Cash is king: Four ways small businesses can improve cashflow during lockdown
There can be little doubt that small businesses have felt the sharp end of the economic downturn caused by coronavirus. Whilst government measures such as the recent bounce-back loan scheme (BBLS) have gone some way to relieve the pressure, without effective cashflow management many firms will struggle to stay afloat as we enter an inevitable downturn.
In times like these, effective cashflow management is essential for the survival of a business. With this in mind, here are five best practice tips that business owners can follow to keep on top of their cashflow.
Know your customers
All business is good business, right? Well, not necessarily. Before agreeing to work for a customer, business owners should first check their reliability to avoid late payments and bad debt later down the line.
For example, if you’re a wine merchant that supplies bulk orders to restaurants, it makes sense to do a background check on a new customer before agreeing to deliver a large order of bottles to their doorstep. By checking their credit score, credit limit and how quickly they usually pay suppliers, you can feel confident you’re making the right decision in working with them.
Unfortunately, in a recession you may find that even loyal customers struggle to keep up with payments. For this reason, it’s a good idea to run up-to-date risk analysis on all existing customers, so you can decide whether to change your credit terms. This way you can agree a payment plan that works for both you and them.
With Satago, you can run real-time risk analysis on all new and existing customers, so you can avoid any nasty surprises. Click here to find out more.
Get paid on time
Easier said than done. But believe it or not there are some simple hacks that can significantly reduce your debtor days.
Format your invoices clearly, make sure you highlight the due date and any late fees that will be incurred if customers fail to pay on time.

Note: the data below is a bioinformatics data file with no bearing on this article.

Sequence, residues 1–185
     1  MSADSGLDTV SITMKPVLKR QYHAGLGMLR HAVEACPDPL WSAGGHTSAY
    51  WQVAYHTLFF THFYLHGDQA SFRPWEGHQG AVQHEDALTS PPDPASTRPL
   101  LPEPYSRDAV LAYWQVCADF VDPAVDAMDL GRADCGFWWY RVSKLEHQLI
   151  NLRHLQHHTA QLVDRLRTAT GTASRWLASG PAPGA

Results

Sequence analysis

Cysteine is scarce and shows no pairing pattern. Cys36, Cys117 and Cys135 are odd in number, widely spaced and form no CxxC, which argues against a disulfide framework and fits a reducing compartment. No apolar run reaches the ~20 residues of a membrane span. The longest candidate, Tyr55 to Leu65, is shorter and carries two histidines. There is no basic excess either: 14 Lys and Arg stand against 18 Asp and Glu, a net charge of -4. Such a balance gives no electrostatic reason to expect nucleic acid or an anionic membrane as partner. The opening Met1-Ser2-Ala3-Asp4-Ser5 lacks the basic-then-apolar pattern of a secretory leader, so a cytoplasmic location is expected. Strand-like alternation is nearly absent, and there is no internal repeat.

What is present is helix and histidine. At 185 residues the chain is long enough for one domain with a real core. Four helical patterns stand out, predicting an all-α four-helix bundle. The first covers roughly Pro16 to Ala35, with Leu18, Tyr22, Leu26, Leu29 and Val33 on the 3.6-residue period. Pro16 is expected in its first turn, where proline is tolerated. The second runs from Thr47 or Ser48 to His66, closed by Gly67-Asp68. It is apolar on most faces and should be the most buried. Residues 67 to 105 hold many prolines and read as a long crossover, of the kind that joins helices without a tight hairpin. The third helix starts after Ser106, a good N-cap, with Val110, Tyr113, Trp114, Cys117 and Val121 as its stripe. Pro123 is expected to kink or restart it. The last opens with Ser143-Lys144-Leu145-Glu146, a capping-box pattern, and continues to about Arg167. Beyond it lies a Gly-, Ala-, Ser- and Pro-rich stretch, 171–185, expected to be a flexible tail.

Send out invoices immediately after making a sale, your efficiency will encourage your customers to follow suit.
Make it easy for customers to pay you. An individual customer may be happy to use electronic payment methods such as Paypal, whilst larger firms may prefer a more traditional bank transfer. Adjust your payment process to suit your customer.
Send reminder emails before the invoice is due. Make sure these contain all relevant information, including due date, late fees and payment details.
Send monthly statements to your customers so they have an up-to-date record of what they owe.
Send thank you emails to customers after receiving payment. This helps establish a positive relationship and aids timely payment in the future.
The easiest way to keep on top of your unpaid invoices is to automate the process. With Satago, you can set reminder emails, monthly statements and thank you emails for each customer on your books, making debt collection a doddle. Click here to learn more.
Negotiate your overheads
At its simplest, cashflow management is about money in versus money out. If you can reduce your overheads without compromising on the quality of your services, your cashflow will improve.
One way to achieve this is to negotiate. Are you in a position to pay your suppliers early? If so, they may be willing to offer you a discount. Alternatively, if you’re currently experiencing cashflow problems and are struggling to pay the bills, your creditors may be happy to let you defer payment until business improves. You won’t know unless you ask, so make sure you pick up the phone.
Some business owners are reluctant to take on finance. But once you understand the different options available, acquiring finance needn’t be a daunting prospect. Done right, it can ease cashflow worries and facilitate the healthy growth of your business.
There are many different financial products for you to consider. The government-backed BBLS is great for businesses who are looking for a one-off loan to help them through a tight spot. Businesses can borrow anything between £2,000 and £50,000 with no interest for one year. After this period the interest rate on the loan will be 2.5%.
If you’re looking for a more long-term solution to your cashflow concerns, you might want to consider invoice financing. Invoice financing is an ideal solution for businesses who have money tied up in unpaid invoices, but struggle with short-term liquidity.
For example, the owner of a construction company may be owed money from several clients but find it hard to pay staff on time each month due to cashflow problems. Rather than dipping into his overdraft and incurring charges, the business owner can choose to borrow money against his unpaid invoices, ensuring a steady stream of capital and allowing him to stay on top of regular bills.